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Builders who have been frustrated by an injury on a jobsite, even though workers appear to be following safety protocols and wearing PPE appropriately, should familiarize themselves with the concept of risk compensation. A report in the Journal of Construction Engineering and Management found that this phenomenon can increase risky behavior when workers feel more protected by as much as 55%.

“The results indicated that providing more safety interventions (i.e., higher levels of fall protection) produced a sense of invulnerability among participants,” according to the report.

[Related: How a zero-injury culture endangers construction workers]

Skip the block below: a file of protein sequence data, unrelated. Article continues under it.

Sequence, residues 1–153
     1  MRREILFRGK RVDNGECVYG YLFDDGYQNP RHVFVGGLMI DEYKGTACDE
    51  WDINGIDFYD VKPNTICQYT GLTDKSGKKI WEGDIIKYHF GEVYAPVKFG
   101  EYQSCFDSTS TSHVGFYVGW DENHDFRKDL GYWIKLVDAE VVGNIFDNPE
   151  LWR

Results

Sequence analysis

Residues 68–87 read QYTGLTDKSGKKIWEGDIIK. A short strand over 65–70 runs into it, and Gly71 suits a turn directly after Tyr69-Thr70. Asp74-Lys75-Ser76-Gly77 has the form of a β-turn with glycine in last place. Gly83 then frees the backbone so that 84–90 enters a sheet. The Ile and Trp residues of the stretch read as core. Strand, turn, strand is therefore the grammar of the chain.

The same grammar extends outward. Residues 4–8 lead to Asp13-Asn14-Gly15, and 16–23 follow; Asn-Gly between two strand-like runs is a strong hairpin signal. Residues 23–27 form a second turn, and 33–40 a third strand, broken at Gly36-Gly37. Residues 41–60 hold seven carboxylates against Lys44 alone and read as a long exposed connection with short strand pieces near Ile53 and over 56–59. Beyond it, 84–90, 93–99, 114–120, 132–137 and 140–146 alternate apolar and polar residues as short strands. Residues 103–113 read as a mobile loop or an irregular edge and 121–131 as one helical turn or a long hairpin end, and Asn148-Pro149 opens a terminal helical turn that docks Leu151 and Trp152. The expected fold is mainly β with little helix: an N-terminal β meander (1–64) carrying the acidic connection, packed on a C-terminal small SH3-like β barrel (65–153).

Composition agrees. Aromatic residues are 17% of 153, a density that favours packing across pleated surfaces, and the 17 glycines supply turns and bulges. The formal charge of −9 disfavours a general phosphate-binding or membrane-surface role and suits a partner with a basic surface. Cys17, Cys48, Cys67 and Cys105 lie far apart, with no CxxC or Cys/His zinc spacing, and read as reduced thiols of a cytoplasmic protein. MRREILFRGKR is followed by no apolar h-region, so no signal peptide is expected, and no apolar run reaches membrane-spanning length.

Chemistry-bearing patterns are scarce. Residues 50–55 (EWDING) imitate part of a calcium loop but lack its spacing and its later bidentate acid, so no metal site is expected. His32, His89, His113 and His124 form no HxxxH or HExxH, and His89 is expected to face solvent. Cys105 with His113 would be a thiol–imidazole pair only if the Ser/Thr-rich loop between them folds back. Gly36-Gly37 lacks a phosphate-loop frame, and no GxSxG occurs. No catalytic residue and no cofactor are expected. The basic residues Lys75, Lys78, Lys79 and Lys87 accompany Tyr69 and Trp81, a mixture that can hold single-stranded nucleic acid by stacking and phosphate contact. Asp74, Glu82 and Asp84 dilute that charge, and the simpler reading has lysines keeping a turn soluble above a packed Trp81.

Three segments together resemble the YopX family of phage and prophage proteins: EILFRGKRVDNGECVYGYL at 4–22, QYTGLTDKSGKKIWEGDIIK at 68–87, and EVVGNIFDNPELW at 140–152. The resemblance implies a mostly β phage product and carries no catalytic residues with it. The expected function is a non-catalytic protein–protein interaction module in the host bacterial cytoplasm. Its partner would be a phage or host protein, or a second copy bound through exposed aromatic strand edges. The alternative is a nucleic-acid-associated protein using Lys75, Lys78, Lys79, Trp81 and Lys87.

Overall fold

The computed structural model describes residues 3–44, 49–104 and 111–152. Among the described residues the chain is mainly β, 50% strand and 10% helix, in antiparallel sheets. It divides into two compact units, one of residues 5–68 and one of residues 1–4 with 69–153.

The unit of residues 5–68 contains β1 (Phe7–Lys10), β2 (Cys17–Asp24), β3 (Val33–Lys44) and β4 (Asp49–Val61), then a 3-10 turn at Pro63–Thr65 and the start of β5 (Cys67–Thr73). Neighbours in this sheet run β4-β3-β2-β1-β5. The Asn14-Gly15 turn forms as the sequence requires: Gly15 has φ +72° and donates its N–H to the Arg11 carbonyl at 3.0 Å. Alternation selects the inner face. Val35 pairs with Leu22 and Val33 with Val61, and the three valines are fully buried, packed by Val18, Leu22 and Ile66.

The paper used virtual reality and passive haptics—wearable devices—to simulate a roofing project. Participants wore real-time trackers on their heads and ankles as they completed tasks under three safety condition scenarios. Participants were more likely to step closer to or lean over the edge, for longer periods of time, when they were using more fall protection.

The report used unskilled students as participants, suggesting that educating workers about risk, as well as adequate safety protection, is an important part of running a safe jobsite.

Danielle Andrus

Danielle Andrus is the managing editor of Colorado Builder. She can be reached at [email protected].

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